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Issue 126: Summer 2022

Squaring the circle

The impact of the cost of living crisis on tenants and rising materials and labour costs on landlords and developers would represent severe challenges for the Welsh housing sector in their own right.

We reported in the last issue of WHQ on the cost of living in general and soaring energy prices in particular and those pressures have only increased in the last three months with implications for tenants and landlords alike. However, landlords are having to cope with those pressures against a backdrop of tightening regulations, standards and targets and that is the focus of this Summer issue.

Each of these measures has the potential to bring huge benefits for anyone living in Welsh homes but each also brings challenges in its wake and a balance must be struck.

As Laura Courtney explains, the target of 20,000 low-carbon social homes will deliver homes that are affordable and energy efficient and help tackle climate change, but problems caused by environmental regulations, planning and rising construction costs also have to be tackled.

The proposed Welsh Housing Quality Standard 2023 promises improvements to and decarbonisation of existing social homes – but how will they be funded and how can those benefits be best explained to tenants? Debbie Green and Howard Toplis present views from different housing associations while Sarah Prescott looks at the issues that need to be considered in financing WHQS.

Meanwhile Craig Sheach of the Design Commission for Wales gives an architect’s perspective on standards, arguing that they can sound a great way of improving quality but can also be the enemy of good design.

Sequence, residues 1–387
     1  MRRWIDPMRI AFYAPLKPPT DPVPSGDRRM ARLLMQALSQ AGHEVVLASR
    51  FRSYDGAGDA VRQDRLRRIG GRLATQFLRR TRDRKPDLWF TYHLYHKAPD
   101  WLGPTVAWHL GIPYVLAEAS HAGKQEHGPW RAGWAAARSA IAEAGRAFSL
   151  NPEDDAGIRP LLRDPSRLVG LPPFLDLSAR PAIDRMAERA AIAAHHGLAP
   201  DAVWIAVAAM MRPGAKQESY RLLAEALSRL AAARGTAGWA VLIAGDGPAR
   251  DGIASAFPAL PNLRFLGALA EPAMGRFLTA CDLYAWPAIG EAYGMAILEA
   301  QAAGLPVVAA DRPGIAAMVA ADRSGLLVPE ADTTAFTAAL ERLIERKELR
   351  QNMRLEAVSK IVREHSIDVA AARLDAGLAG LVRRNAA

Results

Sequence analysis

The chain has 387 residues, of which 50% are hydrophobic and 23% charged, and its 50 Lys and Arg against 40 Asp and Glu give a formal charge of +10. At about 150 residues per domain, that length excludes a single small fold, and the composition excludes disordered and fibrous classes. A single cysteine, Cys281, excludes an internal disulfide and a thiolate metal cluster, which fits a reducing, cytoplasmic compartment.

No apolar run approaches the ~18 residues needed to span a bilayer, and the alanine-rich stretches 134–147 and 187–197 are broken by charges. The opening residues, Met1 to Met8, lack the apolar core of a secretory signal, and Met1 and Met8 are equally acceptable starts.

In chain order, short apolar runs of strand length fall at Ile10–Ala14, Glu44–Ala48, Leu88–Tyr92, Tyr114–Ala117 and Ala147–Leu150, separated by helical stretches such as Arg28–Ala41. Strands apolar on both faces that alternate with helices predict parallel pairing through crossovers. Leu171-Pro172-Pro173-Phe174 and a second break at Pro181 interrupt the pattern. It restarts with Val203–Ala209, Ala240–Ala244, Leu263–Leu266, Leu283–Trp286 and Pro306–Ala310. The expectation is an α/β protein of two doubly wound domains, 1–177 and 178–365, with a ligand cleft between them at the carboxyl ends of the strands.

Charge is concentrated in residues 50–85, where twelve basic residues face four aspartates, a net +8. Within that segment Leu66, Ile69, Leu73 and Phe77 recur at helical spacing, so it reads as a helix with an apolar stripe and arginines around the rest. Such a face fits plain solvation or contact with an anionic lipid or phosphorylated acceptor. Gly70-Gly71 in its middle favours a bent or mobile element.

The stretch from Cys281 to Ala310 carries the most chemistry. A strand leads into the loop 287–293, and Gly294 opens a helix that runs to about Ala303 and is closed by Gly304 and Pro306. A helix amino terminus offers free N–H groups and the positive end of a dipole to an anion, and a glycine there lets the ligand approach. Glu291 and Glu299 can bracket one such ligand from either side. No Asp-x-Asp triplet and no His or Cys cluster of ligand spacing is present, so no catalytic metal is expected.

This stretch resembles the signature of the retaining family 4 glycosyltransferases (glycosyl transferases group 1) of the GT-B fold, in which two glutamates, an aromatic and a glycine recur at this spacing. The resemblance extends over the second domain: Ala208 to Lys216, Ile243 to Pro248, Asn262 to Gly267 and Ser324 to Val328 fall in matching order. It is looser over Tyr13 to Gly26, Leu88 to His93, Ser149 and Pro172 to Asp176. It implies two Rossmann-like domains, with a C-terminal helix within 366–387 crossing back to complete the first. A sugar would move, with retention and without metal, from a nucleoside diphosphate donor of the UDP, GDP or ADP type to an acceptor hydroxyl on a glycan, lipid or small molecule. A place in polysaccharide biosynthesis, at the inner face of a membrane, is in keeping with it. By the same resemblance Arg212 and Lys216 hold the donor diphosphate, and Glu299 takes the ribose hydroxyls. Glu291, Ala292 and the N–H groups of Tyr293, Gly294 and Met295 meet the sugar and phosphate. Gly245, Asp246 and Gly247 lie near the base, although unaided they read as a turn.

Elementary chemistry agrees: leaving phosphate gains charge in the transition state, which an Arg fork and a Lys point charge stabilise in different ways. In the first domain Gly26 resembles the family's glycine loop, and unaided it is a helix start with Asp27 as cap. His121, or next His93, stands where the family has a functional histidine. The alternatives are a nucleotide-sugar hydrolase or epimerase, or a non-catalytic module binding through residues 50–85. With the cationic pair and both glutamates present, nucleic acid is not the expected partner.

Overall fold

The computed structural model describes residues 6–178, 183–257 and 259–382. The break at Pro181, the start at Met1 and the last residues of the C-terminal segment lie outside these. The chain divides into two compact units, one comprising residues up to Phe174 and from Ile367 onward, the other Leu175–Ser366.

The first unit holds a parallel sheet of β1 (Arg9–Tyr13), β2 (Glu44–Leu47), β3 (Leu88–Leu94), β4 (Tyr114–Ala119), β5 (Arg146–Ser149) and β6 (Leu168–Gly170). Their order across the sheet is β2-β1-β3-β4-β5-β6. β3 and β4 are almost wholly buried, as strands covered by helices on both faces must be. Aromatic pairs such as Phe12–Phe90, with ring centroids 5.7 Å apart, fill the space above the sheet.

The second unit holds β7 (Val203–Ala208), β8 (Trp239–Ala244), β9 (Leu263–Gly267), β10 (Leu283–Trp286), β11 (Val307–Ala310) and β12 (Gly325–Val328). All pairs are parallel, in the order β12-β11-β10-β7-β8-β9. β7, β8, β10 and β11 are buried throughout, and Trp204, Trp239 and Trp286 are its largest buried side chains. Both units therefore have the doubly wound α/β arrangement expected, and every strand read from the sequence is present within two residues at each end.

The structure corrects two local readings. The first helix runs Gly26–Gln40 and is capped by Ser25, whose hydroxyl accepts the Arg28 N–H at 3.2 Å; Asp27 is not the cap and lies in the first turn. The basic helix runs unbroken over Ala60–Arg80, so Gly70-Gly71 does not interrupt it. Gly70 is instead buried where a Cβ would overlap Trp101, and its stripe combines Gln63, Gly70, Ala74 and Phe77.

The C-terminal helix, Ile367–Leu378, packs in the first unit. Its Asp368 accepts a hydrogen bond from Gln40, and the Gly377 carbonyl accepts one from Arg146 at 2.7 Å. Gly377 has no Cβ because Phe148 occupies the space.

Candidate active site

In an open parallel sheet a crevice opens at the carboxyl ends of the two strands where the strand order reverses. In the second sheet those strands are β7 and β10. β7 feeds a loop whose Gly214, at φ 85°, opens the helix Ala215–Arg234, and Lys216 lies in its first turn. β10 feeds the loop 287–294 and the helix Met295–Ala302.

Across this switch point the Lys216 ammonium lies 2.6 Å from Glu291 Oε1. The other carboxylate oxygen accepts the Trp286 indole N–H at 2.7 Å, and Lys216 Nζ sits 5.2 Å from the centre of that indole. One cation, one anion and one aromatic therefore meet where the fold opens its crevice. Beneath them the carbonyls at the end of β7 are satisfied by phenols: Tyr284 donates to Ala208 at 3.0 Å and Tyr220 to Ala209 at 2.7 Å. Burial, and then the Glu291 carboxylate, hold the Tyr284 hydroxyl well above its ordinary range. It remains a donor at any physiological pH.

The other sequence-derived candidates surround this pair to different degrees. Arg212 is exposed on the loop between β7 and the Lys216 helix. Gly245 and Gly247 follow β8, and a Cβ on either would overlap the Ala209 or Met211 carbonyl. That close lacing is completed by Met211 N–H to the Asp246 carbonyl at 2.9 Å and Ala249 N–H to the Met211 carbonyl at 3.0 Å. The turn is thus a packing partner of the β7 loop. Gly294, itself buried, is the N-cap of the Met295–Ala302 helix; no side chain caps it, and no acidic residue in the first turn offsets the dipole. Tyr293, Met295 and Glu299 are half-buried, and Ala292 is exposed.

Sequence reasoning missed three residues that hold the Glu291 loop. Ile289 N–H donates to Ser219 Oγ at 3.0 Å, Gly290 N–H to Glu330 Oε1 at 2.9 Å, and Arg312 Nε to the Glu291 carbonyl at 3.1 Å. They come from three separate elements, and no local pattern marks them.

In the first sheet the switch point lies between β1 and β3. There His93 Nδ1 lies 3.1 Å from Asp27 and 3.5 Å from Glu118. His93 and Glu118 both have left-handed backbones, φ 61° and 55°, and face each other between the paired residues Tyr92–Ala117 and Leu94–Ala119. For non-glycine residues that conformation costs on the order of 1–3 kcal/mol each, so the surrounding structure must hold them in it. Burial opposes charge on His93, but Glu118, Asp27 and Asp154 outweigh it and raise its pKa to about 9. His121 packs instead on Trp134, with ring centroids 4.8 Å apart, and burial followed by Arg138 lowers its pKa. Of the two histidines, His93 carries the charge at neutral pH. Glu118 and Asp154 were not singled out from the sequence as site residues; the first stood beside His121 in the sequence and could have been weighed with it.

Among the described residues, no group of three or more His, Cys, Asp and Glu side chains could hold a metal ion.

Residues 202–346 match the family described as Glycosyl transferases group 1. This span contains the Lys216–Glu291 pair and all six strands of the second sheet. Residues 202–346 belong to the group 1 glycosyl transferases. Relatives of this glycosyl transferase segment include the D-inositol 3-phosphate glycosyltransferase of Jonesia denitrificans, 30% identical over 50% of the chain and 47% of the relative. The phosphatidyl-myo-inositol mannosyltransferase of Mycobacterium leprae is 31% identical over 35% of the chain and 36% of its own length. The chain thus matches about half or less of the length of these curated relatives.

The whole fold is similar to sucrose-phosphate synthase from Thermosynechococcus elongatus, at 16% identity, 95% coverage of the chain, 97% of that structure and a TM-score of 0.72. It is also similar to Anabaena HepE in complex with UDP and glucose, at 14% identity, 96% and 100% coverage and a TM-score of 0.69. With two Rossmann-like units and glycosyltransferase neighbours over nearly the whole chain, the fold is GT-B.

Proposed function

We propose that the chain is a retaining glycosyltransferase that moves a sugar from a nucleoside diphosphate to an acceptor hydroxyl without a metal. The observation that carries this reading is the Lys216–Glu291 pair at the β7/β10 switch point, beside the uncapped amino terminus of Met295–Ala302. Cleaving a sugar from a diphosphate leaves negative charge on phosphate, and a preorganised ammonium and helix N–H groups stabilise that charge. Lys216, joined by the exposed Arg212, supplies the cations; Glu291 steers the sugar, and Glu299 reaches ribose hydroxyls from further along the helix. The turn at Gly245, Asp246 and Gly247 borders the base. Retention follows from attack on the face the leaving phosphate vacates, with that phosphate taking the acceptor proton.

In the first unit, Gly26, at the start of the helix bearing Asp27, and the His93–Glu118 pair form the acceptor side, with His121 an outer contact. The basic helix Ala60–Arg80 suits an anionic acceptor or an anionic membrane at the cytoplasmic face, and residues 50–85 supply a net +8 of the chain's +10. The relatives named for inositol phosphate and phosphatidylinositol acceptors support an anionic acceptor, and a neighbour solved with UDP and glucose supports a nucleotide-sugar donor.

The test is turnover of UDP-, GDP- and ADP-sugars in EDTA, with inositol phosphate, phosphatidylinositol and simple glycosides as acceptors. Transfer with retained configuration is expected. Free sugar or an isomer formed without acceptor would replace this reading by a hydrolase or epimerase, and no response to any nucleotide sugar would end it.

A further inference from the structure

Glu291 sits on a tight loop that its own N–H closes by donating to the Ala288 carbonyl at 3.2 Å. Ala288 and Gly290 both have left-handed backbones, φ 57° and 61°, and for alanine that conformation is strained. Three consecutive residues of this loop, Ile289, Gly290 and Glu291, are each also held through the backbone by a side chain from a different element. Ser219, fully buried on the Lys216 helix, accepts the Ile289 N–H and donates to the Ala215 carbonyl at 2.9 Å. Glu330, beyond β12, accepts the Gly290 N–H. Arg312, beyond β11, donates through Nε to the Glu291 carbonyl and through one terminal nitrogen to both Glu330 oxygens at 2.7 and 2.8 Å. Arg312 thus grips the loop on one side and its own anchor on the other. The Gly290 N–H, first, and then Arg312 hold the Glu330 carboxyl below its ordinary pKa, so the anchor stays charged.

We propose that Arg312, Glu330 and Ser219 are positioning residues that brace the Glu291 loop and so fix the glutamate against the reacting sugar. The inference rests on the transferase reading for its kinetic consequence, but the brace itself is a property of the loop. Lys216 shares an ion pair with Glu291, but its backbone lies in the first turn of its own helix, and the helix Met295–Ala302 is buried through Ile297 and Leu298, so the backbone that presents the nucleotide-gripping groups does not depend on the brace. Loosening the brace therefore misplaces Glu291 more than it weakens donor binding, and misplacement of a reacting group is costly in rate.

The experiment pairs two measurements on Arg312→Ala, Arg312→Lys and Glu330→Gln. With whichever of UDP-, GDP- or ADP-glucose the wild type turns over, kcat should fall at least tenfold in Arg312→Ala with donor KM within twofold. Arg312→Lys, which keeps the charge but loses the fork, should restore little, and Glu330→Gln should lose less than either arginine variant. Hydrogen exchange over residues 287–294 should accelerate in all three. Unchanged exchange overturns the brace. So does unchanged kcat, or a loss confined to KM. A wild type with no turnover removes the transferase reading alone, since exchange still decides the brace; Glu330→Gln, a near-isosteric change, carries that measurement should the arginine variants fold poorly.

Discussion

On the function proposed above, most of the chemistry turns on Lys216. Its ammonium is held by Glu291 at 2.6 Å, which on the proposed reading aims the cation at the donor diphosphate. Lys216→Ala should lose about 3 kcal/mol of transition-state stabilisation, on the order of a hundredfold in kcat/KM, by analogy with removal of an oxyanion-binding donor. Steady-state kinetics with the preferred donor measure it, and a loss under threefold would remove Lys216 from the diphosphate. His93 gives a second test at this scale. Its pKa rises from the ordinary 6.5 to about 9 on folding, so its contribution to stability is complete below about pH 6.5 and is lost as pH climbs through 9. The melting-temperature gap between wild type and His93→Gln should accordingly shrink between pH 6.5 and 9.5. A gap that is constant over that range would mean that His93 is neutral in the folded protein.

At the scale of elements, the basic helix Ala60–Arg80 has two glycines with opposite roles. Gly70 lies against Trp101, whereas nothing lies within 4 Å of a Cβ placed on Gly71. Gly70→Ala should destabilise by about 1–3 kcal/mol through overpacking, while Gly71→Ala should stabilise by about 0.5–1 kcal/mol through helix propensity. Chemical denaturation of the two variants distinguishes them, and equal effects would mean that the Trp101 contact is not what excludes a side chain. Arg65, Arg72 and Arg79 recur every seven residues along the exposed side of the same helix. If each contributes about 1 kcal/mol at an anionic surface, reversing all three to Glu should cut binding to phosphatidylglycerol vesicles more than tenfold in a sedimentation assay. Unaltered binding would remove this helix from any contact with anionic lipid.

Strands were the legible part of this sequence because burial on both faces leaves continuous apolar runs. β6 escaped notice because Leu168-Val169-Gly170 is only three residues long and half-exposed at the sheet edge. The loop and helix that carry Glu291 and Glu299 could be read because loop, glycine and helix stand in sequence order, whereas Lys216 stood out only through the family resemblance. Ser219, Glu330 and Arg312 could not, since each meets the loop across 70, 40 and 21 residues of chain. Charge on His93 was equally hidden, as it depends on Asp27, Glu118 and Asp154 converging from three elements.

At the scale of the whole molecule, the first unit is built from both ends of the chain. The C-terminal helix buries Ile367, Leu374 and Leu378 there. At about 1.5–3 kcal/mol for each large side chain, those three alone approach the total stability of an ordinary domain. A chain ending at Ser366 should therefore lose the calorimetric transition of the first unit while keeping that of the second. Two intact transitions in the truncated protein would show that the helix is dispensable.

Moving on from physical standards, the new Renting Homes regime will mean big changes in the law that will finally be implemented at the start of December following representations from landlords about the work involved. Former Law Commissioner Martin Partington on the benefits that the new regime will bring while Shelter Cymru’s Jennie Bibbings says no-fault evictions are soaring and tenants urgently need increased protection.

On the most important standards of all, we look at the continuing fire safety crisis in Wales, with signs of progress at last following movement by the UK Government but frustration among leaseholders that help is not coming fast enough.

Elsewhere in this issue you will find local authority perspectives from Jason McLellan, the new leader of Denbighshire, and Nick Taylor-Williams, head of housing at Caerphilly. On homelessness and housing support, we hear from Alex Osmond on Housing First and rapid rehousing and Joy Williams on the legacy of the Housing Support Network.

We hope that all that, plus all our regular features, will give readers a sense of the challenges ahead and how the circle can be squared.

Jules Birch, Editor, WHQ

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